I'm a Twit

Nov. 9th, 2010 11:17 pm
babarnett: (kermit needs coffee)
This bout of sporadic posting and commenting brought to you by our sponsors:

Grad School Applications

Work Deadlines - Bet you can't have just one

Stop Me Before I Volunteer Again Active Wear

and

Twitter - Because who wouldn't respond to being busy by signing up for yet another social networking site?

But seriously, I swore I'd hold out, but something came over me (I believe the technical term is "procrastination") and I signed up for Twitter.  If you're already among the 140-character damned, I'm on there as ba_barnett.  I've found a few of you flist types on there already, but there's plenty of room for more in my procrastinatory roster.
babarnett: (ash boomstick)
Took longer than it should have, but the crappy first draft of my hugely re-written short story is done. That's a relief. It was tough breaking through the "I'm a hack! I can't write!" self-doubt on this one, but I finally managed to dope up my internal editor long enough for me to finish.

And dude, what did I ever do without the internet? Need a hymn within the public domain with lyrics that in some way involve the words "soul" and "order" (as in ordering someone to do something) because it would work really well in your story? Consult the almighty Google, and it shall provide. And once you have the hymn, you can go on YouTube and listen to Mahalia Jackson sing the hell out of it while you finish writing the last scene.

Now for the fun part of tidying up the crappy first draft so that it can become a not-so-crappy second draft. And I mean fun in the non-sarcastic sense. I actually prefer the revision part of the process to the cranking out raw wordage part.
babarnett: (torchwood ianto monday)
Monday's arrival was most unwelcome, for the weekend was most productive: nearly 2,000 words on the novel rewrite, baby!  Though, admittedly, I think this chapter is going faster because, unlike the last beast of a chapter, this one a) doesn't require hefty plot changes, and b) has characters who were nice enough to let me get into their heads the first time around.  Polishing teeth rather than pulling them out, to use a not very good metaphor.

On a random note, I came across this Aesop quote the other day: "It is easy to be brave from a safe distance."  My first thought: "Who knew someone thousands of years before the internet could so succinctly explain some of the jerks on it."
babarnett: (doctor who chair)
When it comes to finding time to sit my butt down long enough to do some decent work in the writing department, 2008 hasn't been so hot thus far. Too many other things going on, most of them stupid little annoyances. Like my internet service--or frequent lack thereof. When my DSL connection hasn't been randomly cutting out, it's been achieving dial-up levels of slowness--despite multiple technician visits and insistences from customer service that everything's all fixed now. My work-from-home job requires me to download very large files that can take up to 30 minutes to download when my connection is working at normal speed, so this slow-to-nonexistent connection just ain't cutting it. Current ISP is being ditched for a new one that cannot be installed soon enough.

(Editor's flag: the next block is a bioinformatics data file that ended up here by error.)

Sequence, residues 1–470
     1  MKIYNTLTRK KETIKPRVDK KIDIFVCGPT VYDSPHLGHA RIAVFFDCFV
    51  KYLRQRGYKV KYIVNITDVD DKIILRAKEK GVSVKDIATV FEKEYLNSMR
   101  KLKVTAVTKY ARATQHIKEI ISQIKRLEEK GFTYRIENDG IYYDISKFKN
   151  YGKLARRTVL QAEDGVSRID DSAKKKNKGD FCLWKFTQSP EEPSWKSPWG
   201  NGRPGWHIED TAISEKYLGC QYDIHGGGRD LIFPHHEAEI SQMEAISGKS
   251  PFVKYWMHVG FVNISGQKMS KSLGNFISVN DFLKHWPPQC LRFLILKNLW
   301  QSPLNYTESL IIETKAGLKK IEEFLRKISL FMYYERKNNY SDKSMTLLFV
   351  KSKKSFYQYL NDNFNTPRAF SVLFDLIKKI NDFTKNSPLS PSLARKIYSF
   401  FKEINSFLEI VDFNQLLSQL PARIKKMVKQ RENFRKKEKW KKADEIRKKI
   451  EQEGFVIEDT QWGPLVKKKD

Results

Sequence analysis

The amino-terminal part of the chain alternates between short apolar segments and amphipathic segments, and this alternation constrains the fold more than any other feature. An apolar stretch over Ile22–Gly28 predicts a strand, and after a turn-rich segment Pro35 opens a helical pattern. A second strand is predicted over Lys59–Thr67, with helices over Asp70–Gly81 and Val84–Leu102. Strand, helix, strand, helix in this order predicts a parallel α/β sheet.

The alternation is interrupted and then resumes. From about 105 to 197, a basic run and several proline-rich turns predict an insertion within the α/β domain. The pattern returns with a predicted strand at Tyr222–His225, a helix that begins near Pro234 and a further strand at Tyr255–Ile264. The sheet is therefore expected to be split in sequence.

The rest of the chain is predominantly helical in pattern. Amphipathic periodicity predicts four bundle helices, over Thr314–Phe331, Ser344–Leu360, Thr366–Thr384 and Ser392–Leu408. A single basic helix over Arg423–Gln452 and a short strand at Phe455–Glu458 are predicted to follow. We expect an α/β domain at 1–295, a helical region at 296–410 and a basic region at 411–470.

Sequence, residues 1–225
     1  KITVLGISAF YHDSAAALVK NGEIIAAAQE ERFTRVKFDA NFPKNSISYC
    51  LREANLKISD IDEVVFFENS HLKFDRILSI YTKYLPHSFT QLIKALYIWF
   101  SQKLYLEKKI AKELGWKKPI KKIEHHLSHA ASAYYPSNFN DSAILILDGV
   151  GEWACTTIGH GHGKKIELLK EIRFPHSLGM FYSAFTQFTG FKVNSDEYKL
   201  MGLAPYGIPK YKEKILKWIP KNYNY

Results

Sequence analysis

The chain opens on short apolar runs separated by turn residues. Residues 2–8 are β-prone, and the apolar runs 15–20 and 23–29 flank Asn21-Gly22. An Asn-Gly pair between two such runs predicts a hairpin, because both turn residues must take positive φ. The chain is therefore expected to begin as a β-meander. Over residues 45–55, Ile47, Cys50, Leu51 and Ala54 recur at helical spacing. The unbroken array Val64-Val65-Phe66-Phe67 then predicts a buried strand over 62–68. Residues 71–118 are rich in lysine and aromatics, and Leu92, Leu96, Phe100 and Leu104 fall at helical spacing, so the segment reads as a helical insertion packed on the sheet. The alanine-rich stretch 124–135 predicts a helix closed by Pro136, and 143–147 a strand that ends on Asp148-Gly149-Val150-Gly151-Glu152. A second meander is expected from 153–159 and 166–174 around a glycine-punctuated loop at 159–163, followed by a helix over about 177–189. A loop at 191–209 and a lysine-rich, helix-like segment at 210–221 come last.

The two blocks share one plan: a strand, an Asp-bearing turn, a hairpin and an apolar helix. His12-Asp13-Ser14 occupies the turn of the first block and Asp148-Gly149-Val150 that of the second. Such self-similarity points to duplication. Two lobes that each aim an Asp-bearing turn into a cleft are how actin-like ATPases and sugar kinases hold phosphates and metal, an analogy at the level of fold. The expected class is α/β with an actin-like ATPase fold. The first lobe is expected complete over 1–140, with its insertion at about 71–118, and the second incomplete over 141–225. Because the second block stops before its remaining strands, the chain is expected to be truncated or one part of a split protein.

So anyway, I've squeezed in little bursts of writing or revision here and there, but that's just not a highly productive way to work. But in the non-writing parts of Writer Land, it's been a good week.

On Wednesday, I got an acceptance from the small press 'zine Kaleidotrope for a flash piece of mine called "Efficiency" (one of my few stories that doesn't really fall into the speculative fiction camp)

Locus reviewer Rich Horton has been doing some year-end summaries of various markets on his Livejournal (

[profile] ecbatan), which is worth checking out for a good overview of what some mags have published this past year. Yesterday I was happy to see that my story "To Worship Death" got a positive mention in his summary of Fictitious Force:
"Amid a selection of stories I really liked throughout (only one was marked 'So-So' in my notes) the others that stood out were 'Tangerine Bay' by David McGillveray and 'To Worship Death' by B. A. Barnett."
And yesterday Flash Fiction Online, a fairly new e-zine paying pro rates for flash fiction, decided that they're going to buy my flash story "Lucky Clover" for a St. Patrick's Day special. Woot! On an amusing note, this would be the flash story I referenced in my last entry--the one that got the "should be much shorter" comment from another market. Guess I won't have to start submitting it in haiku form after all.

And for any of you '07 Odfellows reading this, the wacky bloodstained clover leprechaun fest that I wrote at Odyssey (then called "Family Luck," now called "Unlucky Clover") is actually a sequel of sorts to "Lucky Clover," which features Seamus, the father of the protag from my Odyssey story, in action during the Fairy Wars.  You should all be pleased to know that there is a clover, and there is blood.

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